Building a Wooden Dummy - To Laminate or Not
If you've shopped around enough, you will have found that you can purchase a wooden dummy (using a conventional design) with either a laminated main body, or a solid main body built from a solid log. Assuming that you want your wooden dummy to last your lifetime (at least), the decision between each method could become quite important. Each of the two wooden dummy manufacturing methods have their advantages and disadvantages.
Advantages of the solid log dummy are:
Faster and easier to make.
Starting with a solid log easily eliminates a significant amount of extra work. The laminating process is significant and if not performed correctly will result in your dummy splitting and potentially breaking.
This is actually down to personal preference - some people like the joins and sudden breaks in grain structure, and some people don't.
To some, a solid log dummy is what might be considered "authentic", as there was likely no reliable laminating method or adhesives many years ago, or obtaining a large solid log was not very difficult.
Disadvantages of the solid log dummy are:
Difficult to source timber.
Much more difficult to source timber of a suitable type and dimensions. Many people use old telephone poles, but care should be taken when using any treated timber - the chemicals used on the wood to prevent rot were not intended for repeated frequent contact with human skin.
Potentially quite expensive to purchase materials due to the rarity of a suitable timber of adequate size.
Prone to cracking if not dried correctly.
The solid log should be correctly kiln dried to a suitable moisture content. This moisture content will vary slightly depending on your climate. Also consider the room in which your wooden dummy will live - if there are large fluctuations in humidity, your dummy may develop cracks due to the timber absorbing and dissipating moisture.
Advantages of the laminated dummy are:
Potentially cheaper to make, as smaller sections of timber are going to cost less to purchase. This cost may be offset by the process of laminating it all together.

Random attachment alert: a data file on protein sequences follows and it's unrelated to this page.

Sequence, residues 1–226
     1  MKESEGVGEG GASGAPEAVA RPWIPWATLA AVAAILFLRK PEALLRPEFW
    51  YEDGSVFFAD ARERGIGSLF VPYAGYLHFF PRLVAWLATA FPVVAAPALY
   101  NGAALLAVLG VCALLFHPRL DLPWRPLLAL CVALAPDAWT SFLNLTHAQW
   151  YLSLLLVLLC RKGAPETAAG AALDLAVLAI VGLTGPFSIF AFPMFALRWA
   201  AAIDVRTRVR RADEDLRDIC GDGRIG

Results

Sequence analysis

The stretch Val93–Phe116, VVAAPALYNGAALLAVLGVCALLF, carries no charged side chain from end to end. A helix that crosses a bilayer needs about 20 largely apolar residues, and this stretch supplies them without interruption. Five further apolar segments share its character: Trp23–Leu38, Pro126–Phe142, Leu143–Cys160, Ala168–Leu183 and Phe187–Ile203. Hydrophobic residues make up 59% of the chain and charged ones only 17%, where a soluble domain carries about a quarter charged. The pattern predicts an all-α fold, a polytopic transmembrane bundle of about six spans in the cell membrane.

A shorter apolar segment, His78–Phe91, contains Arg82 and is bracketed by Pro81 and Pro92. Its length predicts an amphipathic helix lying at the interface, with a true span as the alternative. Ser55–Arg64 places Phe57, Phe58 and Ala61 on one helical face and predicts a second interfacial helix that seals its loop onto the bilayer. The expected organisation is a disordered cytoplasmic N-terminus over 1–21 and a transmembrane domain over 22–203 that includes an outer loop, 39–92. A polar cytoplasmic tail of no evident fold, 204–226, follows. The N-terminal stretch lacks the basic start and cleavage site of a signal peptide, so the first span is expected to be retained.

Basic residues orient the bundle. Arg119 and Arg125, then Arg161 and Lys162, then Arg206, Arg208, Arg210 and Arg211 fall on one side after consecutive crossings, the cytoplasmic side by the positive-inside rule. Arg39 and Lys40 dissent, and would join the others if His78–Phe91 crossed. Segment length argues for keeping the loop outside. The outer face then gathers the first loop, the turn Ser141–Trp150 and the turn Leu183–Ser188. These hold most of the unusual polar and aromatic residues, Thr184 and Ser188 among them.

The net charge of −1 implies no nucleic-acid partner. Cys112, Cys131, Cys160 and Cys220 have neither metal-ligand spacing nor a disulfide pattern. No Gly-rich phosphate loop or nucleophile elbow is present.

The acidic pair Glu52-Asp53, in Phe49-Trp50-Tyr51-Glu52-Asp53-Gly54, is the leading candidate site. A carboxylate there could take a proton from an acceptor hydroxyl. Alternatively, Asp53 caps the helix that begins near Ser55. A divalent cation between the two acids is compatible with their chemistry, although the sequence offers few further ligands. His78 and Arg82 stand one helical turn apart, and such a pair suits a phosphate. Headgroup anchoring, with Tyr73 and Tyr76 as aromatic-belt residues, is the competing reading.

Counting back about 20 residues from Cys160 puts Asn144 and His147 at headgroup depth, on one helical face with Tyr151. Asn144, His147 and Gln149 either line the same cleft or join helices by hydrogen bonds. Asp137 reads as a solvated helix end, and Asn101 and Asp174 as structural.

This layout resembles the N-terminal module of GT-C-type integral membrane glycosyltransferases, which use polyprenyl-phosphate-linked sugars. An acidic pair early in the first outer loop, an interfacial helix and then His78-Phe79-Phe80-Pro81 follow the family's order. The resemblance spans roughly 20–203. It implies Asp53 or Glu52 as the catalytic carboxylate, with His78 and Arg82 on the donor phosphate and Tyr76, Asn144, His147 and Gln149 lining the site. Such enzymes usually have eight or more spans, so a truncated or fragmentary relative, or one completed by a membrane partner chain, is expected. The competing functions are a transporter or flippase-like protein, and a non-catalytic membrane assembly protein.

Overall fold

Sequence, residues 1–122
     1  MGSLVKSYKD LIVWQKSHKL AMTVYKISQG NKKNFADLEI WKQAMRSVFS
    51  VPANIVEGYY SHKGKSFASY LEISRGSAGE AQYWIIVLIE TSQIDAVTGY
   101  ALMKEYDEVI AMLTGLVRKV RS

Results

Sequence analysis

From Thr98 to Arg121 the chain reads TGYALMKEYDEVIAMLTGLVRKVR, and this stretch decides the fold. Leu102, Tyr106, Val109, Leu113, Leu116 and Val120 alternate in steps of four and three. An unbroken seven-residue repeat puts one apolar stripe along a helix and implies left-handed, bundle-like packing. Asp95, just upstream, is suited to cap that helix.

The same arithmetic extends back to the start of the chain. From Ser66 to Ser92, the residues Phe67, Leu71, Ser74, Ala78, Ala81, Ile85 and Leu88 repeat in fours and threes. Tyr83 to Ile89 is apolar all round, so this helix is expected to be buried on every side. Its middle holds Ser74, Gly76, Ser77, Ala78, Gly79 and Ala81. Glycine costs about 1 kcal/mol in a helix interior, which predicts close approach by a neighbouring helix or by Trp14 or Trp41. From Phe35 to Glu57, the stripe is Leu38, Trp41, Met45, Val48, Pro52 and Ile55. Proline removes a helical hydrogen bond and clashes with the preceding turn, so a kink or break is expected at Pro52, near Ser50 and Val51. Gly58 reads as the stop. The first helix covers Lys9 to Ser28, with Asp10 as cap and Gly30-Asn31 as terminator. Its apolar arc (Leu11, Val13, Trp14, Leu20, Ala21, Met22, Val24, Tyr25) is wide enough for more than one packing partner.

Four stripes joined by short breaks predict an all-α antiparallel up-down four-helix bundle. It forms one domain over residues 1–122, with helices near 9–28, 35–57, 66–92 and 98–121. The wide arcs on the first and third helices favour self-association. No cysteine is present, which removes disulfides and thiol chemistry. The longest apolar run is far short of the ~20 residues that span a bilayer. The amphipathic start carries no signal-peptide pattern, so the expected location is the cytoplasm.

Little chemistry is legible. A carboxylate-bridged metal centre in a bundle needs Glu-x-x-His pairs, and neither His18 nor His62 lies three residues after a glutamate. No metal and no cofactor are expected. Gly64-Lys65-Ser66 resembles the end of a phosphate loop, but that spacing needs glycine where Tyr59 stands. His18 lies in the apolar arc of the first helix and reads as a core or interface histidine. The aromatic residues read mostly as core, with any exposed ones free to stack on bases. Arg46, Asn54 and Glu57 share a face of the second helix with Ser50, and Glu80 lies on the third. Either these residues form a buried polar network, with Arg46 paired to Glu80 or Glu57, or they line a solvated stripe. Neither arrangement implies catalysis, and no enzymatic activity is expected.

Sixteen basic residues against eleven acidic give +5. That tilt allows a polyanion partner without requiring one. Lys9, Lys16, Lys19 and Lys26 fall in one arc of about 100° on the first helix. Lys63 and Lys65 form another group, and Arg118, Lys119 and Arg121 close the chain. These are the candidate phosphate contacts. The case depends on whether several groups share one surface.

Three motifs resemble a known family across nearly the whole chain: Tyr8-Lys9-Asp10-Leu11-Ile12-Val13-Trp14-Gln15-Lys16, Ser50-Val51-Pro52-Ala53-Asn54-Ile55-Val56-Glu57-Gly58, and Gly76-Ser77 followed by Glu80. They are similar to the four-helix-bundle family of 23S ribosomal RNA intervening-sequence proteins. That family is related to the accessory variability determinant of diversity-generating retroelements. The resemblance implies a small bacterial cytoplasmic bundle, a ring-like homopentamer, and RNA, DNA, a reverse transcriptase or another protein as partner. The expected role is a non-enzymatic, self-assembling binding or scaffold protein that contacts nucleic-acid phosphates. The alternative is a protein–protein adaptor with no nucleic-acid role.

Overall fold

The vertical join lines and sudden changes in grain can make for an interesting look. You might like it.
Easy to source timber.
Not only will it be much easier to source your timber, but you will have many more options of timber type available.
Disadvantages of the laminated dummy are:
Time and difficulty.
A laminated wooden dummy body will require much greater skill, time, and effort to create a final product which will not fail by falling apart.
Some people don't like the vertical join lines and sudden changes in grain.
Prone to cracking if not laminated properly.
Correctly laminating a dummy body will require excellent timber preparation and sizing (such as planning for a flat surface), adhesive selection, clamping, and section configuration. This becomes especially important around the upper arm and leg hole areas where the dummy limbs act like a lever, trying to pry the body apart.
If you're purchasing a pre-made wing chun dummy, it may be worth checking whether the supplier provides any sort of warranty on their laminated wooden dummies. If you're going to be making your own dummy, it may be that you don't have any choice but to laminate (due to non-availability of suitable timber, or due to cost), so you could enlist the expertise of a boat-builder for suitable help or advice with the laminating. Also ensure you have a great set of wooden dummy plans!
Laminating Your Wooden Dummy
The video below shows a basic process of lamination which you could apply when building your wooden dummy: